Serving it up
When American Radiology Services (Baltimore) was formed in 1997, four radiologist groups came together. All but one of the groups provided some kind of on-call coverage for hospitals they served. Some systems were old and required sending a technician to a radiologist’s home to install software, an upgrade or to fix the system. Elimination of technician costs was part of the motivation to look for a low-cost way to install a teleradiology system in radiologists’ homes and, at the same time, provide “high-quality service,” according to CIO George Bowers.

“We looked for a product that was Web-based,” he added, “with the idea that as long as the radiologist had a Web browser at home, such as Netscape or Internet Explorer, he or she would be able to download the necessary plug-in from the Web site and any updates could be delivered that way, as opposed to having techs running out there all the time,” says Bowers.

s01bMitra’s Web solutions are integrated into a PACS environment and into the workflow of a radiology department.

They also wanted to lay the foundation for eventually enabling referring physicians to use the Web to access images. Their radiologists currently are using the Web for on-call services, primarily in the evenings and weekends.

“We have found that it works well,” says Bowers. “There have been some problems with it, particularly in areas of the state where there is an inadequate wiring infrastructure. If radiologists cannot get a high-speed Internet connection to their home, they find that the Web-based product is a little slow and cumbersome for reading images.”

They have compensated for that, however. Where high-speed telephone line connections aren’t available, they have installed satellite dishes at a number of homes.

The radiologists use 17-inch monitors — although some use laptops with 14-inch screens — for Web reads. The final diagnostic reads usually are done the next day off film. The images transmitted on the Web server are compressed.

“Depending on the modality, they’re all within acceptable ranges of compression based upon the American College of Radiology (ACR) guidelines,” says Bowers. “At the same time, we have reminded the radiologists that there is a risk with compression and to look extra hard and if they feel uncomfortable, they should go in or have someone go in to read something.”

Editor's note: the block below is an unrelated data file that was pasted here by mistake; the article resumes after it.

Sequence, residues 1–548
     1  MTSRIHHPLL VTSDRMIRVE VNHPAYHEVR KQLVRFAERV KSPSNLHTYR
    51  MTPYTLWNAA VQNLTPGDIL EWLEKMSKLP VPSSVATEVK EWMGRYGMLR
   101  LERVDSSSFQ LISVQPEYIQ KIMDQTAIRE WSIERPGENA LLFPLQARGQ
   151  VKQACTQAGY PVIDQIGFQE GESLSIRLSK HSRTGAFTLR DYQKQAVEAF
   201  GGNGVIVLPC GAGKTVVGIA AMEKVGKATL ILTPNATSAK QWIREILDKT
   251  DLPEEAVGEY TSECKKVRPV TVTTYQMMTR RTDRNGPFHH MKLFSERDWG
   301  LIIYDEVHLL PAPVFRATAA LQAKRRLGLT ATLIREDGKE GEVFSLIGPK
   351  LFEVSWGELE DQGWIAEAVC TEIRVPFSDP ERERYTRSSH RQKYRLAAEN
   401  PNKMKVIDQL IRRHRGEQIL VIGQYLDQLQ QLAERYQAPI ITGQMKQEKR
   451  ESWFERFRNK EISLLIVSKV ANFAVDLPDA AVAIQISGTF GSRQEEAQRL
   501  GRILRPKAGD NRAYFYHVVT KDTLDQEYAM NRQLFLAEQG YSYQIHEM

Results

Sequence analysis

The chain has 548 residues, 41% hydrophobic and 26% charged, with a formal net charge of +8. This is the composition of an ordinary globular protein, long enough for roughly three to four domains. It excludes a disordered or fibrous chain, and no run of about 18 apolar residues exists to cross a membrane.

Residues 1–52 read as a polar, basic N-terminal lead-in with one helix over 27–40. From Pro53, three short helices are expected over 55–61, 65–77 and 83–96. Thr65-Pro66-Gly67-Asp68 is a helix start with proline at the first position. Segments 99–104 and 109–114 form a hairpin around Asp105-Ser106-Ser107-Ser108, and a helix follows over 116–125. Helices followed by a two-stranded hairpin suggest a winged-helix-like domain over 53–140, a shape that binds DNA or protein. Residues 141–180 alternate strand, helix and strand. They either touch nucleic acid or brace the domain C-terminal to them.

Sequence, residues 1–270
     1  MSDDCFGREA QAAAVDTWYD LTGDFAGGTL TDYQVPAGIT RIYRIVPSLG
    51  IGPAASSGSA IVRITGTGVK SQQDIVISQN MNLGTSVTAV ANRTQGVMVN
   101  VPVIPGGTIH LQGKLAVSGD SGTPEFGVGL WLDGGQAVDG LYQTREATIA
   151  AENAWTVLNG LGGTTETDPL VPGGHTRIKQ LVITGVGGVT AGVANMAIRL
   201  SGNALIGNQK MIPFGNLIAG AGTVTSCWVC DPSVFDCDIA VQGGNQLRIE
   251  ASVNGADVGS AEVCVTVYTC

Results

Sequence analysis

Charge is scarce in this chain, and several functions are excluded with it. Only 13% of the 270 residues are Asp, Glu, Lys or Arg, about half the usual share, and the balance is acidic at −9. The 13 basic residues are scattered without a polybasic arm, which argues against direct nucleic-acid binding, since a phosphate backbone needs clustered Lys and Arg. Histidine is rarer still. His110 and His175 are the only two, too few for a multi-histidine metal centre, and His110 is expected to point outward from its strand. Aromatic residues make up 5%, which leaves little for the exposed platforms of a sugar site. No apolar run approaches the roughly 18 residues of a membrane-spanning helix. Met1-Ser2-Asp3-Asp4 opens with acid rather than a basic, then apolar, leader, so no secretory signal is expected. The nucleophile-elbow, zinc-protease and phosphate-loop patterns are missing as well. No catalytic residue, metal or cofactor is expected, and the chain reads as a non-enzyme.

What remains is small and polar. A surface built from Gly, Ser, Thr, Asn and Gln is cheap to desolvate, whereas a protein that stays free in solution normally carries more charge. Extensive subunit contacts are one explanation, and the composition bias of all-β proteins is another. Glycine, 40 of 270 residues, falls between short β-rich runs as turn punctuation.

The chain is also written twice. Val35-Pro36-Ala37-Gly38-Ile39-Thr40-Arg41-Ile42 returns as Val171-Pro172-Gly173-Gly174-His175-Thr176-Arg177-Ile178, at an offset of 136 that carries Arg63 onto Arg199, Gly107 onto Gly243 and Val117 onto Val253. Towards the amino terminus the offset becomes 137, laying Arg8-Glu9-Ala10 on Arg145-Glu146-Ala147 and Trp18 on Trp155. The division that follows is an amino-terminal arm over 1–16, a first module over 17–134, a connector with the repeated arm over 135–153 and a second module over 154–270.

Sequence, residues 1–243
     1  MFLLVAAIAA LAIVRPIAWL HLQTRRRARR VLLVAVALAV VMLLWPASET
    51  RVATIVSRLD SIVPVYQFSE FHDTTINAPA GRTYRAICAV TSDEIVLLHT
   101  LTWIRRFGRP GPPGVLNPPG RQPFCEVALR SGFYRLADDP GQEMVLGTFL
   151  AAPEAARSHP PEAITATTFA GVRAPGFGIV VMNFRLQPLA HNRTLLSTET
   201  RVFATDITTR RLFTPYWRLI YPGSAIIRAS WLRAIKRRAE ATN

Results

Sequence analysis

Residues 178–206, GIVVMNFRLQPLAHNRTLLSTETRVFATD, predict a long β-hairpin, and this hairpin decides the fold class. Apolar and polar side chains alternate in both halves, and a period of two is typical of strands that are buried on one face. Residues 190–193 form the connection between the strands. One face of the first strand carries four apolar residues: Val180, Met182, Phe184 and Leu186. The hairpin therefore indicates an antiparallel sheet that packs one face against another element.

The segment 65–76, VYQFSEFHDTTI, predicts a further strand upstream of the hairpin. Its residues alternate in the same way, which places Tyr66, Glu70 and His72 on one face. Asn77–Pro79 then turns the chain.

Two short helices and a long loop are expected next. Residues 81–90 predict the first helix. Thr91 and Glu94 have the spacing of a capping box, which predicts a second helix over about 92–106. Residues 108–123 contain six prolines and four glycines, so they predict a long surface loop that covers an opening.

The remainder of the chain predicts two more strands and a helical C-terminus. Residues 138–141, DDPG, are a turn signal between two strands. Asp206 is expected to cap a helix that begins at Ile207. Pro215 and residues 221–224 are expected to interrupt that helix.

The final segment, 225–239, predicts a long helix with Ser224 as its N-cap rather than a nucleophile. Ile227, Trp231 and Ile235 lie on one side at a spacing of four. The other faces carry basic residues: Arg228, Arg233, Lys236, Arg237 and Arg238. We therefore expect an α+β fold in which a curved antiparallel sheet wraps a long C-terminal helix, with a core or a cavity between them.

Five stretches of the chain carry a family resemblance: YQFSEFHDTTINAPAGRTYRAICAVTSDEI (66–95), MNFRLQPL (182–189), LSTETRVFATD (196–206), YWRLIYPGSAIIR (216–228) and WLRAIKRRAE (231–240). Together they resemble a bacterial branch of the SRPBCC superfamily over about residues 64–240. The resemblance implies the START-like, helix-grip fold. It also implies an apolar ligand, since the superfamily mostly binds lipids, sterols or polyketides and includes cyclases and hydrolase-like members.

The vast majority of images read at night by the group are CT scans, where the resolution is not really an issue, because it is well within the range of the number of pixels on the standard workstation. Flat films, which are more problematic, normally are sent to a central reading center at one of the hospitals where they are read on a

2K by 2K diagnostic workstation. American Radiology Services also plans to expand its Internet access with images and reports to referring physicians’ offices.

Compression challenges
Although challenges with image compression remain, others believe compression has gained acceptance and credibility. “People are understanding that you still can get the diagnostic yield out of an image using various compression techniques,” explains Fred Goeringer, CTO of Radiology.com (Chantilly, Va.). “So, that opens the door for Web applications. Coming in the other direction are technologies like DSL (digital subscriber line) and ever-increasing opportunities with browser-based and Web technology. And, if you’re prudent about your integration approach with the Web application, you can build a diagnostically effective system, not only for primary interpretation, but for image referral to those customers of radiology within the enterprise and outside the enterprise.”